Other size ranges, such as 0.700 to 1.400 inches, and 1.400 to 2.400 inches are also commonly available. Besides size ranges, there are also ranges of precision available. Cheaper gauges will read in increments of .0005 inch, which generally allows a skilled user to read to about .0002-inch of precision. More precise tools will have a dial with .0001-inch graduations, which will allow an average user to read to .00005-inch of precision. The Summit Racing Pro Dial Bore Gauge has the more precise .0001-inch graduations.

Setting Up and Measuring With A Dial Bore Gauge

As we mentioned earlier, the dial bore gauge is a comparative measurement tool as opposed to an absolute measurement tool. That means that you will need a reference standard upon which to zero the tool. There are a number of ways to do this, but they usually involve the use of an appropriately sized micrometer as the standard.

In the case of measuring main bearing clearances, it’s a simple matter of measuring the crankshaft journal with a micrometer, locking the micrometer at that measurement, and then mounting the micrometer in a vise of some kind (either a micrometer stand or a bench vise). Then, based on the measurement of the micrometer, you will set up the dial bore gauge with the appropriate anvil configuration.

The kit comes with everything you need to measure bores from 2.000 inches up to 6.000 inches. The wheels on the anvil head allows for stable, repeatable measurements without risking any scratches on the surfaces being measured.

Say your journal size mics at 2.7503 inches. You would choose the 2.6-inch anvil and add the 0.100 and .050 shims to get a nominal 2.75-inch measurement range. Then, you take the gauge and set it in-between the micrometer jaws at an angle and rock it over center. As you pass through the perfect 90-degree point, you will notice the dial gauge will stop and reverse direction — that is your zero point.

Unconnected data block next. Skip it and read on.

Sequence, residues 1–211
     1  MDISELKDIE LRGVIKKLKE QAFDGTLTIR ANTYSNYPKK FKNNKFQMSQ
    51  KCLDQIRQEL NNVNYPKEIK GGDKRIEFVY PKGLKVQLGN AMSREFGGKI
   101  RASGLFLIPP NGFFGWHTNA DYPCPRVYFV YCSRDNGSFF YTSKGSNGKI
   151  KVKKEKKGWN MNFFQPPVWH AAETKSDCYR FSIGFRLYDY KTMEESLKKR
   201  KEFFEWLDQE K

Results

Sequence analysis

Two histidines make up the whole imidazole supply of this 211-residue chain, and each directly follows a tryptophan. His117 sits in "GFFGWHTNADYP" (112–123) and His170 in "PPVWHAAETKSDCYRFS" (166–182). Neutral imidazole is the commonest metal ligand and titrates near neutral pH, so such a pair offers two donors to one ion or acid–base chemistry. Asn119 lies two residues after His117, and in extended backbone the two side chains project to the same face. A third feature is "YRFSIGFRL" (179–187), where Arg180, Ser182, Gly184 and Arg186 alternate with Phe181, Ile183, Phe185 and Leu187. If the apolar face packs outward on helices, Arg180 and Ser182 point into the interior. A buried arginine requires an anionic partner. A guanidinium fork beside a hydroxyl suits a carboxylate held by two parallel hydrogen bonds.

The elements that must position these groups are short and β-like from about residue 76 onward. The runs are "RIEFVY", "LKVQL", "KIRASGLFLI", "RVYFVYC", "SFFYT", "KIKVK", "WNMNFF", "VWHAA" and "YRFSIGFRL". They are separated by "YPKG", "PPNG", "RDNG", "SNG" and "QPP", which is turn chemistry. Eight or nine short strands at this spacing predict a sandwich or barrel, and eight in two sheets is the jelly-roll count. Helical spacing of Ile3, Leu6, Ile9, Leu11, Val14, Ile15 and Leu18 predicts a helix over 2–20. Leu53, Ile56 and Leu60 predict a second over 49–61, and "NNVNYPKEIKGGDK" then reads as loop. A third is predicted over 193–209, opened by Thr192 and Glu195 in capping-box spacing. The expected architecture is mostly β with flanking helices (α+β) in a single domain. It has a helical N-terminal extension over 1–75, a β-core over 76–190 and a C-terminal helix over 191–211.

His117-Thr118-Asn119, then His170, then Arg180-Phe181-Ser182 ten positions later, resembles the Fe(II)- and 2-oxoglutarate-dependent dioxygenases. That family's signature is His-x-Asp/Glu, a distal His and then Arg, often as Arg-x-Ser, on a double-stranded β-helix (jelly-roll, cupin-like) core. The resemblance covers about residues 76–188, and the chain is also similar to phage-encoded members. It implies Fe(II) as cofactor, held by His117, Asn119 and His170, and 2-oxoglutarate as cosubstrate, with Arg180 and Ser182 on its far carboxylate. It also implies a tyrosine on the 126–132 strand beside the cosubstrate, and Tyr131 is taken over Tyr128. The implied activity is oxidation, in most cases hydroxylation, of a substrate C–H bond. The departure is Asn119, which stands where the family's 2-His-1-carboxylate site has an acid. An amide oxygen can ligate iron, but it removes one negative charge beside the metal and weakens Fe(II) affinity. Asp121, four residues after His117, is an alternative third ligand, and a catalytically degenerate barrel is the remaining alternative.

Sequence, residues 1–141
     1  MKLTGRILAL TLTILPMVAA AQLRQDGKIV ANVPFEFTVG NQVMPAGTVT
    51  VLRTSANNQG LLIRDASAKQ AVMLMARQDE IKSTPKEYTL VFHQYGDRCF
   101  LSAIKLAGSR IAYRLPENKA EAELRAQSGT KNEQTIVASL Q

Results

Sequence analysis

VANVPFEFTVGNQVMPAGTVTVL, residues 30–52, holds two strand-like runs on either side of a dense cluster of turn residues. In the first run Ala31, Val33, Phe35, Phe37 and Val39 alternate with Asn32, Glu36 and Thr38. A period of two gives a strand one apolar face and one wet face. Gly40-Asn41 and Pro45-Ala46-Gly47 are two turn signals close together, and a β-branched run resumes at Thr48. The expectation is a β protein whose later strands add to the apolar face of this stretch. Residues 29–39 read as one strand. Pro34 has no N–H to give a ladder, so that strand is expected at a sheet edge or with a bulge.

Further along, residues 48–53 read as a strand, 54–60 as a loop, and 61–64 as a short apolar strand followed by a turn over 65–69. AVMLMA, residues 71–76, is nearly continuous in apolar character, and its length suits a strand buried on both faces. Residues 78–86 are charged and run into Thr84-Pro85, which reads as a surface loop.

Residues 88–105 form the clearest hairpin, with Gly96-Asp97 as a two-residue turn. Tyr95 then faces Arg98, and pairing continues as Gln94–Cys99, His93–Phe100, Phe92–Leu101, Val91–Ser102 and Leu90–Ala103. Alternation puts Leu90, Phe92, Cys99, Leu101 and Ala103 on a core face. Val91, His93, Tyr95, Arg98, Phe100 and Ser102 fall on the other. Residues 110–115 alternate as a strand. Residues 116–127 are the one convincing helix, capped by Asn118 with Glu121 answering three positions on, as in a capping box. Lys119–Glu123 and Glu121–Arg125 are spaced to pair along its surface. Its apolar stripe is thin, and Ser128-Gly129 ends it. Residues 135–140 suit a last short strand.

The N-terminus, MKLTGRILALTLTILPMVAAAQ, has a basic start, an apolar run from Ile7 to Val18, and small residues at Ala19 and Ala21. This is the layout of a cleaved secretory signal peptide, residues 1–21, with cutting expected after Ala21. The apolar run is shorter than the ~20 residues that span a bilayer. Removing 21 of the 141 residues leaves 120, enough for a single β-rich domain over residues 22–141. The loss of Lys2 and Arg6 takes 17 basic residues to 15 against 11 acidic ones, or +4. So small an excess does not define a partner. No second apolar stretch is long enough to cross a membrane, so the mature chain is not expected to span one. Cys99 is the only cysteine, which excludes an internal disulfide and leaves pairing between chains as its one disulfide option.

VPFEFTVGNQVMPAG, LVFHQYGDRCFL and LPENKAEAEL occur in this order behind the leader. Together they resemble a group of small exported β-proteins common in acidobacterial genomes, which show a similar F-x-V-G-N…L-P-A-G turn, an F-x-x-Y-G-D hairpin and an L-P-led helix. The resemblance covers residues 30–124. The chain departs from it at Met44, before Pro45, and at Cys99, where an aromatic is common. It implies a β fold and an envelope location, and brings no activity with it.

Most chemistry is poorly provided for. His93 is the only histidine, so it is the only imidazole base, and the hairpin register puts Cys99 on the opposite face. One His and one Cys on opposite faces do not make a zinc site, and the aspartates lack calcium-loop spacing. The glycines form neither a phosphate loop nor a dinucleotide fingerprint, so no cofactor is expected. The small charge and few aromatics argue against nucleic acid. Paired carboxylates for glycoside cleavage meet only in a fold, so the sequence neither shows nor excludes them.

To zero the gauge, you then loosen the bezel locking screw and rotate the bezel so that the highest reading on the dial face as you rock the tool through the measurement arc lines up with the zero. In our example provided, the tool is now zeroed at 2.7503 inches. To properly measure your main clearance, you would use the tool in the same method (rocking over in the bore) of your mains, which need to be torqued to spec, with the bearings in place.

Here, we're looking at the process of measuring the piston-to-wall clearance. On the left, the piston is measured with a micrometer at the measuring point specified by the manufacturer. In the center, we then zero the bore gauge in the micrometer as the reference measurement. On the right, we then rock the gauge through the cylinder to determine clearance. Note, when the reference measurement is smaller than the measured bore, the dial will spin backwards. The reading of 5.7 is actually the inverse (4.3) meaning a piston-to-wall clearance of .0043 inches.